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This is not 2008, a blog posting, got a lot more attention than I expected after I posted a link on social media. In it, Ritholtz Wealth Management’s Michael Batnick shows how different and safer the U.S. housing market has become over the past 14 years. The same, unfortunately, is not the case for the domestic real estate market.

There are numerous reasons to believe that the Canadian residential market shows more signs of a 2008-style bubble than the U.S. market. For one, domestic home prices have increased by 420 per cent since 2000 while U.S. home prices are up about half of that, at 209 per cent.

The financial crisis included a correction not only in U.S. home prices but also in household debt. The U.S. household debt-to-GDP ratio was 100 per cent just before the financial crisis and now it’s 80 per cent. The Canadian debt-to-GDP ratio did not correct during the financial crisis. As high as 113 per cent at the end of 2020, the ratio now stands near the U.S. peak at 97 per cent.

Debt levels are high but a domestic financial crisis is highly unlikely. Ebrahim Poonawala, a bank analyst at BofA Securities, researched company filings for all the major banks in Canada regarding their mortgage exposure. He found few if any concerns on this front, even with rapidly rising interest rates.

Royal Bank management noted that higher rates would trigger higher payments or longer amortizations for 80,000 mortgages. However, they also noted that well below 0.5 per cent of customers would even require a phone call for support.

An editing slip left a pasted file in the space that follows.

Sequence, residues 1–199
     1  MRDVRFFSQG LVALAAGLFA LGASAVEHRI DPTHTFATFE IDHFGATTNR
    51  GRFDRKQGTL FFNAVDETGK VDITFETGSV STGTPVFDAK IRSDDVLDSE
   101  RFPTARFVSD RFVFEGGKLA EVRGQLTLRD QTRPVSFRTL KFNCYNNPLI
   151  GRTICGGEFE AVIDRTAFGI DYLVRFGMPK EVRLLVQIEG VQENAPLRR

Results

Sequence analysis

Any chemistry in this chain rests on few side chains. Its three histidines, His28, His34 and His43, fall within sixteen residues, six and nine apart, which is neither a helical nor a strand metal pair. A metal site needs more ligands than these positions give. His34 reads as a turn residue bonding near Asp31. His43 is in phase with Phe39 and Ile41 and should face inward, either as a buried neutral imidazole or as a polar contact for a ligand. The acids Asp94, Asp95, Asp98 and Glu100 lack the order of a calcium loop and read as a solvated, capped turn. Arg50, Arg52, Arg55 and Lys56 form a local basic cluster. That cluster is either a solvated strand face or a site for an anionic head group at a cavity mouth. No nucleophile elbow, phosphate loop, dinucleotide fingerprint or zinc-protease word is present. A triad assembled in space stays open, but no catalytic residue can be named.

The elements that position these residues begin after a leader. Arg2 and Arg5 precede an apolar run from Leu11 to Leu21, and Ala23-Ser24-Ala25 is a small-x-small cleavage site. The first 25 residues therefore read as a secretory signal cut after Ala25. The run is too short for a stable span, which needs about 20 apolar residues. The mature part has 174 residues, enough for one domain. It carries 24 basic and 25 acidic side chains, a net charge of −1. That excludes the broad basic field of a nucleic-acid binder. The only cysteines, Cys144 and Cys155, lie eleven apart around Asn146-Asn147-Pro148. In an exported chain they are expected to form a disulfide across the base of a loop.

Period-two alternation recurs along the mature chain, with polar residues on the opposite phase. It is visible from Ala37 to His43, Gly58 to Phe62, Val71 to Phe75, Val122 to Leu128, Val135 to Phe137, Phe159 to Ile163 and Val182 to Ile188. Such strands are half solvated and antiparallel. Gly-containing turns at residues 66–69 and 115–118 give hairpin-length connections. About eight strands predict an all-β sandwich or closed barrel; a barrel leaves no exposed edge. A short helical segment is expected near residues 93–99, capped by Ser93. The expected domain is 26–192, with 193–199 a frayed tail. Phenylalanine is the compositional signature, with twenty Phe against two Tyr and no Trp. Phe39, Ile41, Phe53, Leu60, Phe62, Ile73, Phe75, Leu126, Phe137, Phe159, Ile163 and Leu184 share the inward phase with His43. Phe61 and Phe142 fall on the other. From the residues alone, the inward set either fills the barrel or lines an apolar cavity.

Bank of Montreal executives emphasized the large proportion of mortgages insured by Canada Mortgage and Housing Corp. Many borrowers would see significant increases in monthly payments when they renew their mortgages, but “renewals are spread out over time, and only 10 per cent of uninsured installment [mortgages] are up for renewal in the next 12 months, giving borrowers time to adjust.”

Perhaps the biggest difference between the United States before the housing crisis and Canada now is the lack of derivatives domestically. In 2007, U.S. underwriters were shovelling low quality mortgage-based debt instruments out the door but they believed they had insured themselves against potential losses with credit default swaps. Once it became clear that this insurance was no good, the entire financial system froze – no institution knew how solvent their potential counterparties were.

A correction in the domestic housing market is likely to be painful. Mr. Poonawala noted that housing prices would have to fall 42 per cent on average just to retrace pandemic period gains. There will no doubt be personal debt defaults and corporate bankruptcies among lower-quality lenders. Given the strength of the banking system, however, combined with the lack of derivative exposure, a domestic financial crisis remains unlikely. Bank investors should take note.

-- Scott Barlow, Globe and Mail market strategist

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Stocks to ponder